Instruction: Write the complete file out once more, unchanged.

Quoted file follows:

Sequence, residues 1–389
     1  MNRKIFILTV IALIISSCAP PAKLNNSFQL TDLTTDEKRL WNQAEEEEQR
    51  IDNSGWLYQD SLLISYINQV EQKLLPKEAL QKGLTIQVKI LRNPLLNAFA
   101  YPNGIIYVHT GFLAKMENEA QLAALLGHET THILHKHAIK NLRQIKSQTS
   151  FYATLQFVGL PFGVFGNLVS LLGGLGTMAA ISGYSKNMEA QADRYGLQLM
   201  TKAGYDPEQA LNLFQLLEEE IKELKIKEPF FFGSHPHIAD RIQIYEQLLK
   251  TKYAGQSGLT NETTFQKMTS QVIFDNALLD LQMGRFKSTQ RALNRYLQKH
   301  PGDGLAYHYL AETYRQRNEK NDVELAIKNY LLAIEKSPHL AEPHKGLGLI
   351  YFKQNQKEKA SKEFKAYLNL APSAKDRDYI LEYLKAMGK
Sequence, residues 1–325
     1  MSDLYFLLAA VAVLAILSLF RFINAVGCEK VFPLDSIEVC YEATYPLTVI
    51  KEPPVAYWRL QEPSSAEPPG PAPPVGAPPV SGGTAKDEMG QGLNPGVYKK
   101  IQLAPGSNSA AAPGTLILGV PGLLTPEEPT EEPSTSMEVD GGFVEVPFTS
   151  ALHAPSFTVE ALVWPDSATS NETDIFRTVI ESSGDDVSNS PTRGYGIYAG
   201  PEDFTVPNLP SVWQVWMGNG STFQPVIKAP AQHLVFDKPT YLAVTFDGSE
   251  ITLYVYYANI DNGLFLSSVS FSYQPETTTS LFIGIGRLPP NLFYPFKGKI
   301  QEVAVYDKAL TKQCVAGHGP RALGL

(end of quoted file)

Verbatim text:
Sequence, residues 1–389
     1  MNRKIFILTV IALIISSCAP PAKLNNSFQL TDLTTDEKRL WNQAEEEEQR
    51  IDNSGWLYQD SLLISYINQV EQKLLPKEAL QKGLTIQVKI LRNPLLNAFA
   101  YPNGIIYVHT GFLAKMENEA QLAALLGHET THILHKHAIK NLRQIKSQTS
   151  FYATLQFVGL PFGVFGNLVS LLGGLGTMAA ISGYSKNMEA QADRYGLQLM
   201  TKAGYDPEQA LNLFQLLEEE IKELKIKEPF FFGSHPHIAD RIQIYEQLLK
   251  TKYAGQSGLT NETTFQKMTS QVIFDNALLD LQMGRFKSTQ RALNRYLQKH
   301  PGDGLAYHYL AETYRQRNEK NDVELAIKNY LLAIEKSPHL AEPHKGLGLI
   351  YFKQNQKEKA SKEFKAYLNL APSAKDRDYI LEYLKAMGK
Sequence, residues 1–325
     1  MSDLYFLLAA VAVLAILSLF RFINAVGCEK VFPLDSIEVC YEATYPLTVI
    51  KEPPVAYWRL QEPSSAEPPG PAPPVGAPPV SGGTAKDEMG QGLNPGVYKK
   101  IQLAPGSNSA AAPGTLILGV PGLLTPEEPT EEPSTSMEVD GGFVEVPFTS
   151  ALHAPSFTVE ALVWPDSATS NETDIFRTVI ESSGDDVSNS PTRGYGIYAG
   201  PEDFTVPNLP SVWQVWMGNG STFQPVIKAP AQHLVFDKPT YLAVTFDGSE
   251  ITLYVYYANI DNGLFLSSVS FSYQPETTTS LFIGIGRLPP NLFYPFKGKI
   301  QEVAVYDKAL TKQCVAGHGP RALGL